Fine fescue

New research publications from our team - 10/21/21

Learn more about our research! Two research articles from our group have been published in the July/August 2021 issue of Crop Science.

Thu, 10/21/2021 - 12:55


Shane Evans featured in Metropolitan Council video

Shane Evans, Lawn Water Conservation Educator, was recently featured in Turfgrass Suggestions for the Twin Cities, a video by the The Metropolitan Council. Watch to learn how to enjoy greener grass with less water!

Thu, 09/23/2021 - 12:45


University of Minnesota Turfgrass team in the media – 9/10/21

Check out our team’s latest efforts in educating the public about our work. Maggie Reiter and Shane Evans were featured in an article on MPR News and Maggie Reiter and Eric Watkins have been on WCCO's Smart Gardens!

Fri, 09/10/2021 - 13:49


University of Minnesota Turfgrass team in the media – 8/12/21

Check out our team’s latest efforts in educating the public about our work. Dominic Petrella and Eric Watkins wrote an article for Golf Course Management magazine and Maggie Reiter wrote an article for Hole Notes magazine!

Thu, 08/12/2021 - 16:06


University of Minnesota Turfgrass team in the media – 6/27/21

Check out our team’s latest efforts in educating the public about our work. Dominic Petrella, Sam Bauer, Brian Horgan, and Eric Watkins wrote Fine fescues for golf course putting greens for Golf Course Management magazine (GCM). Learn more about fine fescues' performance as putting greens under minimal management.

Sun, 06/27/2021 - 17:33


Mow the no-mow?

By Ryan Schwab

“No-mow” is a loose term we often use to describe a low input, grassy area that grows out higher than a typical turfgrass stand. The grass may flop over onto itself, go to seed, or create a clumpy pasture-like appearance (Figure 1). In Minnesota, fine fescues (Festuca spp.) are typically used in no-mow residential lawns or golf course roughs. Despite the term “no-mow” these may be mowed infrequently to create the desired aesthetic.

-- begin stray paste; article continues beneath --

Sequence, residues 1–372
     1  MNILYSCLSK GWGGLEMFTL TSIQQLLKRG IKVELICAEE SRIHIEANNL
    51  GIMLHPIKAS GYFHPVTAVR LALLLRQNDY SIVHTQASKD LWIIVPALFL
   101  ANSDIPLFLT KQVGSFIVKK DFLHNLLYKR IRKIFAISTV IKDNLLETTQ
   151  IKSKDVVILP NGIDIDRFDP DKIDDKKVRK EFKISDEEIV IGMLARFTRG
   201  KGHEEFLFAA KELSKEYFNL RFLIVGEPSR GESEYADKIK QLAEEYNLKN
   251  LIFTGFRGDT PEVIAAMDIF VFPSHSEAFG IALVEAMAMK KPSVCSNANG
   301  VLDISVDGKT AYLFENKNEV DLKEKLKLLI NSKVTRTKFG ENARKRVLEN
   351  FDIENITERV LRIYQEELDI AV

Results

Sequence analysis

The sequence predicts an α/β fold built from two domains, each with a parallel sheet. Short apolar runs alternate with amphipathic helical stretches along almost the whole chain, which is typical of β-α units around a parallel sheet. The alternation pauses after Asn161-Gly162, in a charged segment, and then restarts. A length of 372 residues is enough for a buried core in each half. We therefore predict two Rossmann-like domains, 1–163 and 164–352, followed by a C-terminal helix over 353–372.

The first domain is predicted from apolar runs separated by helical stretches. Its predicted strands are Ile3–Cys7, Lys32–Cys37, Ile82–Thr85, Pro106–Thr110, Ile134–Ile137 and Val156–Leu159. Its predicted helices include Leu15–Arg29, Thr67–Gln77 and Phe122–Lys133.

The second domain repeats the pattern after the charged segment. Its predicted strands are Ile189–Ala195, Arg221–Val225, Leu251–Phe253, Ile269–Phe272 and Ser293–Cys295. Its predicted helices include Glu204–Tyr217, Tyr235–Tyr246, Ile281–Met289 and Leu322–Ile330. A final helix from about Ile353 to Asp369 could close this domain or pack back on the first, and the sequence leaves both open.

Tue, 05/25/2021 - 12:17


University of Minnesota Turfgrass team in the media – 3/28/21

Check out our team’s latest efforts in educating the public about our work. Extension Educator Maggie Reiter wrote an article in Yard and Garden News and Kristine Moncada wrote an article for the Low Input Turf blog!

Sun, 03/28/2021 - 20:52


How should we consider plant diversity when designing roadside mixtures?

By Dominic Christensen

What is planted along roadside boulevards and how they are maintained is often a heavily debated subject. There are those who are more concerned about accomplishing the perceived primary goal to seed simpler nonnative mixtures to prevent erosion, and some who think the goals and functions of these boulevards should behave similar to a short-statured prairie, and others who are not so opinionated.

Mon, 02/15/2021 - 08:52


Golf ball visibility in no mow fine fescue roughs

By Ryan Schwab

The establishment of no mow areas on golf courses is gaining popularity. In Minnesota, fine fescues are typically the species chosen due to their low-input characteristics. Fine fescues grow slowly, and they generally have low nutrient and water requirements, all of which saves golf course resources. They also may provide the desirable aesthetics of a waving pasture with gold-frosted seed heads, which is quite the contrast from the well-manicured playing surfaces of fairways and greens (Figure 1).

Mon, 01/25/2021 - 13:20